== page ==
Many industries are relocating from various countries, mainly China and Hong Kong, to other countries because of various global issues
The Bangladesh Securities and Exchange Commission (BSEC) has written to the National Board of Revenue (NBR) to give a five-year tax holiday facility to reputed foreign companies if they relocate to Bangladesh and get listed on local bourses.
The letter was given to the NBR chairman when top BSEC officials met him in person last week.
It said a trend is apparent that many industries and investments are relocating from various countries, predominantly China and Hong Kong, to other countries because of various global issues.
Bangladesh can take the opportunity, and the BSEC is requesting granting the companies a five-year tax holiday if they come here with prior approval from the commission and get listed on the local stock exchanges.
Besides, if any of those companies sets up its factory in an export processing zone or special economic zone here, the tax holiday should surpass the existing benefits offered, suggested the capital market regulator, citing that it would help create employment and benefit many local institutions including the capital market.
Professor Shibli Rubayat-Ul-Islam, the BSEC chairman, told The Business Standard,"We have special economic zones and export processing zones that offer facilities and incentives. Any manufacturing brand can avail them."
The BSEC is tracking some global giants in industries like construction and agriculture that are relocating business from other countries. They operate in industries which are beyond the traditional recipient sectors of foreign direct investments in the special economic zones here.
"By offering some incentives, if we can attract some of those companies and they get listed on our bourses, that would be a boost to the economy and the capital market as well," said Professor Shibli.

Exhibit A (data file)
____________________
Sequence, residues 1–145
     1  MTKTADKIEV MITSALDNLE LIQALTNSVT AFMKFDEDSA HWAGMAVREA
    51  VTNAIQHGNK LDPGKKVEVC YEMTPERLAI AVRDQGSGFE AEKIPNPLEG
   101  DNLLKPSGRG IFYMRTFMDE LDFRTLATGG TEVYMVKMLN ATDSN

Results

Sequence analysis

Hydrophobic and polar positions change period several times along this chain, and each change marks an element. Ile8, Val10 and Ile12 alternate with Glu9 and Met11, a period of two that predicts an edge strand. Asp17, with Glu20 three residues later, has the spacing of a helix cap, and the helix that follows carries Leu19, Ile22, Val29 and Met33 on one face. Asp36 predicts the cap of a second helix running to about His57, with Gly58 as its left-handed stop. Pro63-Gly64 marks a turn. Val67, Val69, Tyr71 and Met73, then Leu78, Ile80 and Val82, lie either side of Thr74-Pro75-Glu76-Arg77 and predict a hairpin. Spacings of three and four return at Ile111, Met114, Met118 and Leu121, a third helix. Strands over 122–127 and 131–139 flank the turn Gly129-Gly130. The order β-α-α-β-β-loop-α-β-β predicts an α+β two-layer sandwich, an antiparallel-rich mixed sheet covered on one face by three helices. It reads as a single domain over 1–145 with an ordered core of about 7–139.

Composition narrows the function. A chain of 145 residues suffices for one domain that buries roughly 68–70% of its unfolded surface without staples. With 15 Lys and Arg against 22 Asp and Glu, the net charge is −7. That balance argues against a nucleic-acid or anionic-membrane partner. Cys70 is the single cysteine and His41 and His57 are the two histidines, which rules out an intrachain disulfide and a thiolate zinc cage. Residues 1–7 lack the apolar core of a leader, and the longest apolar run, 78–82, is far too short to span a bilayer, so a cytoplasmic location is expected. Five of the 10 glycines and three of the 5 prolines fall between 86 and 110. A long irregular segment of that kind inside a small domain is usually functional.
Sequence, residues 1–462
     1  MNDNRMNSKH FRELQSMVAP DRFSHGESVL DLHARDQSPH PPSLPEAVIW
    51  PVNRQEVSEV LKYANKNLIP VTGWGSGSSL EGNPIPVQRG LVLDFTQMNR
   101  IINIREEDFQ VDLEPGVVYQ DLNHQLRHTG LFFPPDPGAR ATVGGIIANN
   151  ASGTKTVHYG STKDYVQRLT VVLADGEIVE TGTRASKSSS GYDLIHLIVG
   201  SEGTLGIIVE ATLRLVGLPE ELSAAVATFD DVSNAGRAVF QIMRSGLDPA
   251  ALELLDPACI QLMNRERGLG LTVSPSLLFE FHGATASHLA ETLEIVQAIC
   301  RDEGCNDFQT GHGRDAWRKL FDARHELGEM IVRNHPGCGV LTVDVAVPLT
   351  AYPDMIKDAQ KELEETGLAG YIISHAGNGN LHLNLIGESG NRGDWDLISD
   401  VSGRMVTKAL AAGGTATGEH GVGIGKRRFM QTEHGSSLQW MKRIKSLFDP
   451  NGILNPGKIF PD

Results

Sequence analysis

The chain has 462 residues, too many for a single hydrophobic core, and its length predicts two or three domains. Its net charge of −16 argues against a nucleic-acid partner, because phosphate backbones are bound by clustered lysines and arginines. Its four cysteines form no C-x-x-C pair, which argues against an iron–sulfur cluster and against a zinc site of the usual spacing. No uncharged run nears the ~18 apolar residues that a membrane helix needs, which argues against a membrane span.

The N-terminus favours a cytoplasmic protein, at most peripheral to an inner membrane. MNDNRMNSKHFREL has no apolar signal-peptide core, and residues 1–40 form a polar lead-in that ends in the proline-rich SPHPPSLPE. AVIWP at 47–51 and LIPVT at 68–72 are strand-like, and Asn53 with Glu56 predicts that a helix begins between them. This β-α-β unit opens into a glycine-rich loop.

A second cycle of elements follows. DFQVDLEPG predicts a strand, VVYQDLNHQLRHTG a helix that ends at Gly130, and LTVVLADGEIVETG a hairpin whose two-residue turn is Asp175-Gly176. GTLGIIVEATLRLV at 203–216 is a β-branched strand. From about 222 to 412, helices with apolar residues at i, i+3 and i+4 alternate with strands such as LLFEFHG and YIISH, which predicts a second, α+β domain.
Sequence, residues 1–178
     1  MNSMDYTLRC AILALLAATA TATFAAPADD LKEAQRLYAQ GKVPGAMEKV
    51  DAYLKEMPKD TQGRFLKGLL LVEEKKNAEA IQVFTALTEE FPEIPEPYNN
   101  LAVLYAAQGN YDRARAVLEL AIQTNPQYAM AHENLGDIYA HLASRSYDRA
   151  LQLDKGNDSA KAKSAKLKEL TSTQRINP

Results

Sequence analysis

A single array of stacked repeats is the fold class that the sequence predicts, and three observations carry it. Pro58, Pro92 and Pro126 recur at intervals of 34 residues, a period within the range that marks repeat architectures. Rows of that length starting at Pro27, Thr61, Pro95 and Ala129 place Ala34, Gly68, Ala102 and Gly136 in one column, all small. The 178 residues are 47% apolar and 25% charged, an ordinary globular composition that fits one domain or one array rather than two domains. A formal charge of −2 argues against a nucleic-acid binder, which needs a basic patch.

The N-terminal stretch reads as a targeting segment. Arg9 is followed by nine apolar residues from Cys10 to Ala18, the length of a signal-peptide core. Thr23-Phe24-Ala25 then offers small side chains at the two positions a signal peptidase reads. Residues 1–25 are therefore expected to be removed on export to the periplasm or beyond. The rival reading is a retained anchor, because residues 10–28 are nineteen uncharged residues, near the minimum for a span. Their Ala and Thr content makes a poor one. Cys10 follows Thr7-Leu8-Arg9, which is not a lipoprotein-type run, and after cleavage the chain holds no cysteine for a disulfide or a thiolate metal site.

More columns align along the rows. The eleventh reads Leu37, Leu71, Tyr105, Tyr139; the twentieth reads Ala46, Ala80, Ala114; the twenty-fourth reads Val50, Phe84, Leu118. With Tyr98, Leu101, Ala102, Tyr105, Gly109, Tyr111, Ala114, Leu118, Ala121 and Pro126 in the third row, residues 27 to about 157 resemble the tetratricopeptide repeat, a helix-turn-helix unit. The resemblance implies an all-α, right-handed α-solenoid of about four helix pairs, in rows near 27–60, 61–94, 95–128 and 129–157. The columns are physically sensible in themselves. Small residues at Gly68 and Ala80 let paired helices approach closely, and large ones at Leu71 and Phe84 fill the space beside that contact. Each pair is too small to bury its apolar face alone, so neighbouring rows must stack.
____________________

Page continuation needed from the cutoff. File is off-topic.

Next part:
His commission is also working with a view to letting the market attract portfolio investors, mainly from bond investment funds from the Middle East that could help local infrastructure financing.
Experts have long been suggesting fiscal and other incentives to inspire issuance of and investments in bonds.
"We tried to convince the government that if business grows, tax incentives will result in higher revenue ultimately, despite reduction in tax rates. On the other hand, in case of low investment and insufficient business, higher tax rate will not contribute to higher national revenue," said Professor Shibli.
The BSEC has also requested the NBR to withdraw the planned three-year lock-in period if undisclosed money is invested in the capital market as other asset classes are not subject to any such restriction.
Alongside, the BSEC prescribed reduction in wealth whitening tax to 7 percent in case of capital market investment, which was proposed to be 10 percent for other assets, including deposit and savings schemes, and cash.
Capital market professionals in their budget reaction have said that stock market investment involves some risk, and to attract investment here, money whitening tax should be lower than other safer options.
In the proposed budget, the government has announced reducing corporate tax by 2.5 percentage points for non-listed companies only, which drew criticism from market groups as that would narrow corporate tax rate gap between listed and non-listed companies instead of widening the difference as suggested for encouraging listing of profitable businesses.
The BSEC requested the NBR to reduce listed companies' corporate tax too by the same 2.5 percentage points.
The capital market regulator, before the budget proposal, requested the government to extend the tax waiver facility on income or discounts from zero coupon bonds for all types of bonds. The NBR instead cancelled the existing one for zero coupon bonds.
The BSEC re-communicated its request to offer incentives for all the bonds.
It made a significant proposal to popularise bond issuance as a better alternative to bank loan-dependent financing of long-term projects. It proposed a corporate tax cut by 5 percentage points if half of a company's long-term debts are in bonds.
However, the proposal remained unaddressed.
In the letter, the BSEC also conveyed some requests of capital market groups. Those include reducing merchant banks' corporate tax to 32.5 percent from 37.5 percent, increasing tax-free limit of local individuals' annual dividend income to Tk150,000 from the existing Tk50,000, and reducing brokerage firms' advance income tax deducted from commission income to 0.015 percent from 0.05 percent.